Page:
Heartworm Treatment and Prevention and Your Pet
Heartworm is a pet parasite that burrow into the heart or lungs of your dog or cat, where they can grow nearly a foot long. Worst of all, it’s a life-threatening parasitic condition and there’s no effective heartworm treatment for cats, so prevention is key.
That’s why the veterinarian staff at Johnsen Animal Hospital in El Paso wants you to know all about effective prevention and heartworm treatment options for your pets.
There’s only one way for mammals to get heartworm: the larvae must be passed from an already-infected animal to your healthy dog or cat through a mosquito bite. If the insect has first feasted on the infected animal, it can inject the larvae into your pet.
You can reduce the risk somewhat by making your yard as mosquito-proof as possible by keeping it well trimmed and free of standing water.
Medication Readily Available
The sad fact about pets contracting life-threatening heartworm is that it’s so easily preventable. Medication is readily available in both oral and topical formats. Many of these medicines also prevent other internal parasites such as roundworms, hookworms and even fleas.
The tricky part is knowing when to start and stop the medicine. In some parts of the world, mosquitoes are a year-round threat, whereas in others they only put in a brief seasonal appearance. At Johnsen Animal Hospital, we recommend year-round meds. We can recommend the right medication for your pet and answer your questions.
The challenge in observing your animal for signs of the parasite is that it might not exhibit symptoms at all, or only in late stages of infection. Those symptoms might include a persistent cough, difficulty breathing and fatigue.
Adding to the complexity, it can take up to seven months after the mosquito bite before any symptoms begin to show--if at all.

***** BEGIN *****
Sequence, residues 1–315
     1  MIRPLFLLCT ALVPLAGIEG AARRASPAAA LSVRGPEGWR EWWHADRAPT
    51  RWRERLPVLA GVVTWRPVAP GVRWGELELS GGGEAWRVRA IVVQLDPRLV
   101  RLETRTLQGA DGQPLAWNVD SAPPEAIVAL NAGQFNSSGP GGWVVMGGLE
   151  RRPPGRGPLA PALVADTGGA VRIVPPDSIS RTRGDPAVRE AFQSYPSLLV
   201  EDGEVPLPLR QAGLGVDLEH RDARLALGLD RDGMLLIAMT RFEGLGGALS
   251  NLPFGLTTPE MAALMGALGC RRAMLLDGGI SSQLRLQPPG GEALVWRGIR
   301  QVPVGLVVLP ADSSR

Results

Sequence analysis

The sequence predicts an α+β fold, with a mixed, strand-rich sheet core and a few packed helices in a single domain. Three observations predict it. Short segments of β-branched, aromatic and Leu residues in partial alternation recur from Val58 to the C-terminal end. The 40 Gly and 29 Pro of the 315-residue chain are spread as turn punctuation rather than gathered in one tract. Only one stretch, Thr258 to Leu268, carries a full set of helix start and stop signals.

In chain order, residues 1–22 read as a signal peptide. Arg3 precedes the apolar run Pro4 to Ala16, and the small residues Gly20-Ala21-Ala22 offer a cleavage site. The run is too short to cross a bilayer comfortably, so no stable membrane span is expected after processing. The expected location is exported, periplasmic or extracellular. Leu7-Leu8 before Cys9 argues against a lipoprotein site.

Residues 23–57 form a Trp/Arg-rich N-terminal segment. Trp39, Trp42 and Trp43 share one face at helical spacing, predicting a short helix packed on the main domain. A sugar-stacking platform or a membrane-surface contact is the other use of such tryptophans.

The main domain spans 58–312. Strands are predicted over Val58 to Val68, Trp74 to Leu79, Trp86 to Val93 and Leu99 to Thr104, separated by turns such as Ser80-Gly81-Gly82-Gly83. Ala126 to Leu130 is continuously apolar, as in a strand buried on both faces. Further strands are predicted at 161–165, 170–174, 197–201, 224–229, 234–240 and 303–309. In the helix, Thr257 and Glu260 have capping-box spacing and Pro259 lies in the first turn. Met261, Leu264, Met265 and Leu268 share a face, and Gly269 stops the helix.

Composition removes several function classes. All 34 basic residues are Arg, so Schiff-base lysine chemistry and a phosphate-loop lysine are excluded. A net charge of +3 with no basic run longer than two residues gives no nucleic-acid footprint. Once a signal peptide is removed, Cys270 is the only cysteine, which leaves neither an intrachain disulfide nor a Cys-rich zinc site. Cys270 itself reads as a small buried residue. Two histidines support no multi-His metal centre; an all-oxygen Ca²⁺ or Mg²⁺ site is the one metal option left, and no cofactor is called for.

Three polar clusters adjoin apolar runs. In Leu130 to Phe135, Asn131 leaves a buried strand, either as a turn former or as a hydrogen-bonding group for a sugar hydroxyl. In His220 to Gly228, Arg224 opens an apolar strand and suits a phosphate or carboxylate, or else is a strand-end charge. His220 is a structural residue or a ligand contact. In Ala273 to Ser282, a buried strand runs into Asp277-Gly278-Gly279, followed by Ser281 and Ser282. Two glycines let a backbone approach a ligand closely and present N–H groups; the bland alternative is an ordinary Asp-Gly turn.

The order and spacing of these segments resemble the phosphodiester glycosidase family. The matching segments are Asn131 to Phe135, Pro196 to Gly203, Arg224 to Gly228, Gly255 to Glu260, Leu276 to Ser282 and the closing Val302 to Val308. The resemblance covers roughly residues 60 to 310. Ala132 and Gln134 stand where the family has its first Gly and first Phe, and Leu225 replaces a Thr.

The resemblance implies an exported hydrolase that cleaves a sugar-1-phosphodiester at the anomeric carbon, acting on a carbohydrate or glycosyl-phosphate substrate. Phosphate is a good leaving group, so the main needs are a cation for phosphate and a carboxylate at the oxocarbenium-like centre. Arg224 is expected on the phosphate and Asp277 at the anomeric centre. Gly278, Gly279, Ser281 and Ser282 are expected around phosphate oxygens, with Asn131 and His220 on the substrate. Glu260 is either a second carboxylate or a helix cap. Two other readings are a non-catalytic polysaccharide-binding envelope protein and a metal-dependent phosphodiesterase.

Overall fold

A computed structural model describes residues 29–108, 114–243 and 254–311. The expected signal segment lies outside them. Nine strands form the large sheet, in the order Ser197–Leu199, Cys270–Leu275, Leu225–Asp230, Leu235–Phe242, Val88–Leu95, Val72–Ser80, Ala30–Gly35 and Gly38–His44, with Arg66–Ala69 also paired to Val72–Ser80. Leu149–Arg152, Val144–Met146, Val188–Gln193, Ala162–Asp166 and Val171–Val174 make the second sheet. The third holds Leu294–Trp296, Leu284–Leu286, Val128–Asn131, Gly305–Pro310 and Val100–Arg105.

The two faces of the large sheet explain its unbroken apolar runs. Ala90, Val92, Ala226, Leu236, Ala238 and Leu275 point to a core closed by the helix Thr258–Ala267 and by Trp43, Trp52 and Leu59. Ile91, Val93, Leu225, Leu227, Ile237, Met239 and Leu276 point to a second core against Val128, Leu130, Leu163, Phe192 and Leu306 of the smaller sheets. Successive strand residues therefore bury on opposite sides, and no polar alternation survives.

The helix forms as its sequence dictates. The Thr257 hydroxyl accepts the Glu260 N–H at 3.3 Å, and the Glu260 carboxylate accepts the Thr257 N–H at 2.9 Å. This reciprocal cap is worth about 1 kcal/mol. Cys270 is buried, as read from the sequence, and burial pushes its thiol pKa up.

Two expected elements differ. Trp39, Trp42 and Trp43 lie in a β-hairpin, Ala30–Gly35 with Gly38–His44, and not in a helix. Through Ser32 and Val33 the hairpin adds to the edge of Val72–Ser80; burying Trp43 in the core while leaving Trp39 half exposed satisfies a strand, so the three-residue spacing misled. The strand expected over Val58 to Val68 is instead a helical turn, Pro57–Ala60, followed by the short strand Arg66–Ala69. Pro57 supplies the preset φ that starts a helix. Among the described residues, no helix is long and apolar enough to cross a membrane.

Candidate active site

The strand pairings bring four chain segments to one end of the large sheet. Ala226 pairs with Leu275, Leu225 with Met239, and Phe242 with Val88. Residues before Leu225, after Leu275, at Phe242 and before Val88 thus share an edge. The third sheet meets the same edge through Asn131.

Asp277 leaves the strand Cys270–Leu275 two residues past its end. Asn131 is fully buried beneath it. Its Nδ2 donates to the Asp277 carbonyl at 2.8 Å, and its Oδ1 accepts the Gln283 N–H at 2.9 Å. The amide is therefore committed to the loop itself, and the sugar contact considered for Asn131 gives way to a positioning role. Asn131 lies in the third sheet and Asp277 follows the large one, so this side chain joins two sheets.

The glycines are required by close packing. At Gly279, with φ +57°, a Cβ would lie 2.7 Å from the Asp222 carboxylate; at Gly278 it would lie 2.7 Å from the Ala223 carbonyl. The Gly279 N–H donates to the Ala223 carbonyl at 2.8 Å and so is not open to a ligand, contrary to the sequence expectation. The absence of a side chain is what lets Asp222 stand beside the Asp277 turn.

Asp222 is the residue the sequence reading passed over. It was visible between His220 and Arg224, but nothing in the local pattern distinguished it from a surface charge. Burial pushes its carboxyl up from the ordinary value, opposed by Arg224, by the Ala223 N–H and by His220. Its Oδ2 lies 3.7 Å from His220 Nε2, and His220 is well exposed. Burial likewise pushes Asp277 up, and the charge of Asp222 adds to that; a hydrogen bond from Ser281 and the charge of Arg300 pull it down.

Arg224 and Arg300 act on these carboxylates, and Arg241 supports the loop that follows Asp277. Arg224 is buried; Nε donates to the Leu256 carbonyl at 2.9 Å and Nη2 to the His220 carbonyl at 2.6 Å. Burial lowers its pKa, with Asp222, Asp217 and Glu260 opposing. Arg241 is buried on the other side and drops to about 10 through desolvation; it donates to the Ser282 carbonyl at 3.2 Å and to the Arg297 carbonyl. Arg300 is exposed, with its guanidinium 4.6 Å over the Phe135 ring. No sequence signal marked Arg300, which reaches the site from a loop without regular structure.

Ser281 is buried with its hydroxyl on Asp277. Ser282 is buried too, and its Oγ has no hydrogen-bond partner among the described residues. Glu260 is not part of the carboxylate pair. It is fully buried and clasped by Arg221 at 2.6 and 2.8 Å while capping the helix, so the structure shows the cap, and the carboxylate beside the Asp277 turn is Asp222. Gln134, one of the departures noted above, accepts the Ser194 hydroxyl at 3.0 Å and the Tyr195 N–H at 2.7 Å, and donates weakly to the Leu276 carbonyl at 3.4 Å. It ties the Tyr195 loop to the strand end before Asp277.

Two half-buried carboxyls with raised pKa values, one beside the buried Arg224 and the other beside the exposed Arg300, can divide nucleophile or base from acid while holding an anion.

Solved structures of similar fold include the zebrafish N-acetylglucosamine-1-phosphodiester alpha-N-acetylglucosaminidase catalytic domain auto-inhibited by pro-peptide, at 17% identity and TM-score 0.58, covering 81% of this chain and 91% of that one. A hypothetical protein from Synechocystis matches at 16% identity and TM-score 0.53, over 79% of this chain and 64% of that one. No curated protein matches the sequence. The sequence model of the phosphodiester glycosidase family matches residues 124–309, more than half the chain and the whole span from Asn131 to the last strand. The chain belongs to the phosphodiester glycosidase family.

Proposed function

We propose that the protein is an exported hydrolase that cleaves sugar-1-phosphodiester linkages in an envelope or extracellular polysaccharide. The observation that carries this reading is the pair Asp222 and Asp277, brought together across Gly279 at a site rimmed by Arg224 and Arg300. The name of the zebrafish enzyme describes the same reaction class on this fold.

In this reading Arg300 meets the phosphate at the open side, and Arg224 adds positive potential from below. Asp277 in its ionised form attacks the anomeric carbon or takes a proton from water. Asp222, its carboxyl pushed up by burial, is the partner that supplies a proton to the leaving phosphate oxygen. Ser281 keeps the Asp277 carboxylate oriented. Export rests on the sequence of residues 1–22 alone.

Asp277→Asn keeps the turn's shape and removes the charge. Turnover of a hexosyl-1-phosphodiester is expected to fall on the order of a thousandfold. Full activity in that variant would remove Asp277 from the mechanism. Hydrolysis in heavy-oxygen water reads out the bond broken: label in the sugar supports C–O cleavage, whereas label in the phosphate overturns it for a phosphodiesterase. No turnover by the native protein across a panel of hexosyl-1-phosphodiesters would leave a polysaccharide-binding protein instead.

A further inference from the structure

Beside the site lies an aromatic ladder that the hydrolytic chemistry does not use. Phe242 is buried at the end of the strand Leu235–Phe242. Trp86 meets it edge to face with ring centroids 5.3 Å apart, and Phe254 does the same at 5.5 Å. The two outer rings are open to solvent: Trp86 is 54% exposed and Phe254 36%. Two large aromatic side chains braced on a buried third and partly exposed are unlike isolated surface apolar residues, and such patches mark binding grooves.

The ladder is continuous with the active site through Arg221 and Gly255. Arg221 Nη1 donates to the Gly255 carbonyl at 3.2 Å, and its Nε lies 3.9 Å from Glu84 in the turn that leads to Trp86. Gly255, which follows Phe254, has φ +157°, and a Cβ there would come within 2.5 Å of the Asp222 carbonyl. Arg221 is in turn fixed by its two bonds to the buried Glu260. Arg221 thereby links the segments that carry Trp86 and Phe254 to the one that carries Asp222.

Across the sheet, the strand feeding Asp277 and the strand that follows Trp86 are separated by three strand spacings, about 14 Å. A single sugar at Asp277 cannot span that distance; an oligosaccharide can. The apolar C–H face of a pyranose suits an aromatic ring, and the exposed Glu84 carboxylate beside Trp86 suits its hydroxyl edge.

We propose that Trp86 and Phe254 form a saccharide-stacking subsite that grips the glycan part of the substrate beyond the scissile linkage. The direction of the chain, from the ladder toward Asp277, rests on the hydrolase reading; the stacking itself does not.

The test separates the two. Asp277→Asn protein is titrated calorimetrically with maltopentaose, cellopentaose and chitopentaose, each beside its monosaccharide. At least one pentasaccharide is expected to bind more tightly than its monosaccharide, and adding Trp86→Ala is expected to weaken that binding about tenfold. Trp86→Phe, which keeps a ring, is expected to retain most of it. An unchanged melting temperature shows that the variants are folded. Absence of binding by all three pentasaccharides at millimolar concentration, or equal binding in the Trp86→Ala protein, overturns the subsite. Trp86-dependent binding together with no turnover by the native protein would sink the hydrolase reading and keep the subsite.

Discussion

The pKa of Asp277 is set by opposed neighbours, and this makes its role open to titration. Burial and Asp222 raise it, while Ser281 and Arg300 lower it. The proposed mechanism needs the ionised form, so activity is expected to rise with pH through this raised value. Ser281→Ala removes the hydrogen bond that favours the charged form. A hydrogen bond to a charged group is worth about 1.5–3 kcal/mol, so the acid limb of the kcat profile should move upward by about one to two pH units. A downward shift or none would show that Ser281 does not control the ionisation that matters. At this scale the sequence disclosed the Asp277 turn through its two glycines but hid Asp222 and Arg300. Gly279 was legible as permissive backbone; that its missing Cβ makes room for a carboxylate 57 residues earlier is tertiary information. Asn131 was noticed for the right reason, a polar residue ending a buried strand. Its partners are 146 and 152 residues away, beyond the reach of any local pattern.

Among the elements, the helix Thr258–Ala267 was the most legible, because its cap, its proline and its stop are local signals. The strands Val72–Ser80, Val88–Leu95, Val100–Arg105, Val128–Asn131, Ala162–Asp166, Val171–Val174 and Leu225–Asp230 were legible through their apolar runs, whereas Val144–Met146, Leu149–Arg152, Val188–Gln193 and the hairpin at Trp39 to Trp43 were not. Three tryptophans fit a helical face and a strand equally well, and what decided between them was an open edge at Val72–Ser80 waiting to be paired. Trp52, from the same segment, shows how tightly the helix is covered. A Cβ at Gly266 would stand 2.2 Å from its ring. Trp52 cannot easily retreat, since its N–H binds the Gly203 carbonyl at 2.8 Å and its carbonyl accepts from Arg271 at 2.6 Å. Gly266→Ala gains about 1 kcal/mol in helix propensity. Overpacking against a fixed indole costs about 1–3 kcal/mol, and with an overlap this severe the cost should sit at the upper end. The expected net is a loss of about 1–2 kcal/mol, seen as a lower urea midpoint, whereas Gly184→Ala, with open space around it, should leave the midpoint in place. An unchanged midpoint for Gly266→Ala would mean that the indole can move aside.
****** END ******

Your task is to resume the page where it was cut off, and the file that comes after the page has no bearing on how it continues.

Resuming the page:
Since there are few signs of heartworm, the first thing you must do when you get a new pet is to schedule an appointment with a veterinarian for testing. For dogs, this consists of a fairly simple blood test. For cats, the testing process might also include X-ray or ultrasound.
If heartworm is found in your dog, the first stage of treatment will be steroids and antibiotics to reduce inflammation in the lungs and kidneys. Then your pooch will begin a course of medication to kill the smaller larvae.
With your dog stabilized, your veterinarian will then turn to a treatment course of FDA-approved drug injections to kill the adult worms in the heart or lungs. Each session will likely include a brief hospitalization to keep your dog still following treatment. After the 60-day course, you’ll be asked to return in six months for follow-up testing to make sure it’s heartworm-free or to initiate another round of treatment.
Contact Our Local Veterinarian Today
At Johnsen Animal Hospital in El Paso, Dr. Guy Johnsen, Kathy Johnsen and their staff are here to answer your questions, care for your pets and help you prevent the threat of heartworm or provide treatment. Call us at 915-592-6200 to schedule an appointment. Walk-ins are welcome.